« on: September 30, 2014, 04:49:03 PM »
Camera body pretty irrelevant, when you say 'gear' I'm thinking lenses. I stayed with just a kit lens for way way too long, and I really should have known better. So I voted for the last option.
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What causes the annoying halo?
It's caused by the hdr
softwarephotographer being dumb and just assembling the source brackets according to exposure with no concern for the image content (how could it?). I find this to be a great problem with a *lot* of tonemapped shots, even with ones that are considered good by their authors.
Esp. with parts of trees or something else tall reaching into the sky, it's a halo and/or the top part of the object going suddenly very dark. The latter probably like our eye sees the world, but it isn't supposed to be in a single image.
And just like Neuro, this was one of my most frequently used mode
Zone AF was your most frequently used mode? What types of photography are you doing? For my wildlife stuff, I use spot AF / AI servo with my 7D almost exclusively. I have trouble enough getting the focus I want with that and can't see how zone AF would work.
No no, not Zone AF . Zone AF doesn't let you choose the initial AF point. The mode that Neuro and I were talking about is Automatic AF Point Selection (yes, the one for people who don't really care about what should be in focus). And when you are in Automatic AF Point Selection AND AI Servo, you can select the initial AF point for tracking (I know, it is not really intuitive, and may be that's why the feature's been there for 5 years and still is ignored by some). The advantage of this mode is that all the AF points are used for tracking, so when the subject quits the initial AF point, the other points will take care of it.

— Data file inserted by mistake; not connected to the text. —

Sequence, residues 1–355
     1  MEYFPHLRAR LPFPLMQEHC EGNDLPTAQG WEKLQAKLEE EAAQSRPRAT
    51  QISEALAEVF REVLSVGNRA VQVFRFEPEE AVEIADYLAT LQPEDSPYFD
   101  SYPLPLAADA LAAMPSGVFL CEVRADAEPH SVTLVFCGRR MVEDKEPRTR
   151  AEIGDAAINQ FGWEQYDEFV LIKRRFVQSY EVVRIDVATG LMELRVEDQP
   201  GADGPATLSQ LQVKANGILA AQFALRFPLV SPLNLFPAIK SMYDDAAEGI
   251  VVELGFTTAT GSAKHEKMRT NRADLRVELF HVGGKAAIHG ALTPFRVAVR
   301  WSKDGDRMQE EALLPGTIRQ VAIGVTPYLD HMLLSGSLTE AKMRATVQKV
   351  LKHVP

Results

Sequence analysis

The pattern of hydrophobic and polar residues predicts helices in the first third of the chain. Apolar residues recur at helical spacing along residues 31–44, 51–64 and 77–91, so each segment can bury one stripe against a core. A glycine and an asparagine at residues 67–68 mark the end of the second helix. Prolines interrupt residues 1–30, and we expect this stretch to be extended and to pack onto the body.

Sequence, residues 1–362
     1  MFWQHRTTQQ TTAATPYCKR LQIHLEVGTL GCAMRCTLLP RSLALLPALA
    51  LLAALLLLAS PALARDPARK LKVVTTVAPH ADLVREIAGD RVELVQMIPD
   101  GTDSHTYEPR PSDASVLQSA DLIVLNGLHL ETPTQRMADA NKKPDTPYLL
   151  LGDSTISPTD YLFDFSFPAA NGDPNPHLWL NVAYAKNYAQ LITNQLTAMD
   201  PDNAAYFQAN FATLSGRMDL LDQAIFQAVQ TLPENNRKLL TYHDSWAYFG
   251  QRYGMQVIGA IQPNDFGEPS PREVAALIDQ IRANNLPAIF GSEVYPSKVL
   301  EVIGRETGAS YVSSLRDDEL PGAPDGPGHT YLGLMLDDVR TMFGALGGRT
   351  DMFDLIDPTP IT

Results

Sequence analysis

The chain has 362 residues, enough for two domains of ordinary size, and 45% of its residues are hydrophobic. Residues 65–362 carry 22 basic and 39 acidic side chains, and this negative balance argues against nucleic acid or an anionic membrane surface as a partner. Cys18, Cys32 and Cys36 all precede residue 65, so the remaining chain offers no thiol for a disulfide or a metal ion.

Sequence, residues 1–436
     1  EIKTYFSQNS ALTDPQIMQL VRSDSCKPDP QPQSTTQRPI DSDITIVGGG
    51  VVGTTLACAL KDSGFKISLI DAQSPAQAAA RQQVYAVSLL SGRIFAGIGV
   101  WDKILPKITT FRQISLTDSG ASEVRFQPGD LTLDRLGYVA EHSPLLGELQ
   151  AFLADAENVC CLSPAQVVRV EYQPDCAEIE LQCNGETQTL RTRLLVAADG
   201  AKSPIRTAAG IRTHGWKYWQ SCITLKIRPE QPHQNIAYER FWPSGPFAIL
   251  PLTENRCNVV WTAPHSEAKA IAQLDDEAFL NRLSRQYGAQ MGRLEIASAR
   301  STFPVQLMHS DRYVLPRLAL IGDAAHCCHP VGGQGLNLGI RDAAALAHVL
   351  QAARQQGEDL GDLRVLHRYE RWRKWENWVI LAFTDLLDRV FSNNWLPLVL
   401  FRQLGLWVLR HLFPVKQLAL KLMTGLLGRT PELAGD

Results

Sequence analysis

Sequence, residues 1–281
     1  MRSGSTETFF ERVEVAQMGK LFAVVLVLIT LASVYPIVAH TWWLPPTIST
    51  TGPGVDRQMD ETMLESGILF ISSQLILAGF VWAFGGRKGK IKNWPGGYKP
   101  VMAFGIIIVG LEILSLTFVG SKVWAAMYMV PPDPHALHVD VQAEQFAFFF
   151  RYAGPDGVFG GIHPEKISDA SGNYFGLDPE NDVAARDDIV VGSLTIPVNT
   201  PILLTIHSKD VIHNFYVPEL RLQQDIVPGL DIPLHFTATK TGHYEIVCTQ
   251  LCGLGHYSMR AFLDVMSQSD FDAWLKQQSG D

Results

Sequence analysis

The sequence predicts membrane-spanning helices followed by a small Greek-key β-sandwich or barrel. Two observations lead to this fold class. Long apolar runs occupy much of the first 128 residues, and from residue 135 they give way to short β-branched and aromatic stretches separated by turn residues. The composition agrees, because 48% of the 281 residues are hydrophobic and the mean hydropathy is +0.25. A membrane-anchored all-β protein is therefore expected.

YMMV, but I'd avoid using Spot AF combined with AI Servo. Spot AF uses a narrower area for acquiring focus, so it is slower to acquire focus, and it is more difficult to keep the subject within that (narrower) area.
Here are some photos I took with my 7D and my 100mm L Macro, I wish I had the 1D X/5D III and the 70-200mm f/2.8 II L IS for these situations, but that was all I could afford
I think I see both sides of the argument. I think both are bogus.
I'm unconvinced that innovation would being stifled - whether Sony was the single source or not, I assume they would want to sell more sensors. This means their customers need to offer better imaging performance which - to the extent that the sensor dominates things - means the sensors need to develop.
Being held to ransom - well that's what contracts are for. So that's nonsense too.
There is risk because Sony could close their fab plant... Struggling companies do not close or sell business units that make money. If it's a profit centre, it is safe. This feeds back into my first point - to continue making money, Sony needs to continue selling sensors which means more innovation.
On the different "look" offered by various cameras - I think this is bogus too. Most on the forum will know how to change the colour mapping. (If not, download Lightroom and move the sliders around or look for a preset.) Secondly, a lot of Canon's "warm look" arises from the lenses. If you switch to Zeiss glass, suddenly your images are quite cool.
I like the Canon ergonomics, I do not like the Nikon's. I have lots of EF mount lenses and none with an F.2 mount. I have adapters that let me use legacy lenses on my Canon camera but they would not work on a Nikon. You might say I'm locked in... and I really would like to have a Canon camera with a sensor similar to that in the D810.
Judging from the published performance of the 7D2, Canon is still doing its own thing. That's ok too. Their business is selling cameras not making me happy....